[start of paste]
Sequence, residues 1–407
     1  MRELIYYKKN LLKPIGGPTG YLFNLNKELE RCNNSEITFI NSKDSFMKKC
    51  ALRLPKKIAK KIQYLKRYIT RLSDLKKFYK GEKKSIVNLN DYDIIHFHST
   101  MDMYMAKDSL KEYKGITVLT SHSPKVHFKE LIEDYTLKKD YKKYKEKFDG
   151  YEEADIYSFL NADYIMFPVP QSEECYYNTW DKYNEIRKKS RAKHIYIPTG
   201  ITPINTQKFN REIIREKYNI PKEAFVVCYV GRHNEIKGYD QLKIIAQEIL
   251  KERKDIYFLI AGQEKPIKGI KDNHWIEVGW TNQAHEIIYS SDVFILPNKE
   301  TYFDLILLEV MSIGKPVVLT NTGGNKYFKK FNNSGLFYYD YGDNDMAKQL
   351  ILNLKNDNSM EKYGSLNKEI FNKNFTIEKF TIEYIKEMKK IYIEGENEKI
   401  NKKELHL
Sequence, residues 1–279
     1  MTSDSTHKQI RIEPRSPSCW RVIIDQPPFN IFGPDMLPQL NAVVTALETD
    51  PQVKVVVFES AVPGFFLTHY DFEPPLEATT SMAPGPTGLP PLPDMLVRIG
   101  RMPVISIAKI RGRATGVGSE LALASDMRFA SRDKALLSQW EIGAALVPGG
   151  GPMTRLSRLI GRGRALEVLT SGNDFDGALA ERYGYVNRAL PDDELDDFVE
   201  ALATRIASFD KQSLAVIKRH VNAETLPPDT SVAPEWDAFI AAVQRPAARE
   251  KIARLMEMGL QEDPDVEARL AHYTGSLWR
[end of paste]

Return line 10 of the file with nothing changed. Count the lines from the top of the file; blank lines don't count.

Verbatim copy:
   401  NKKELHL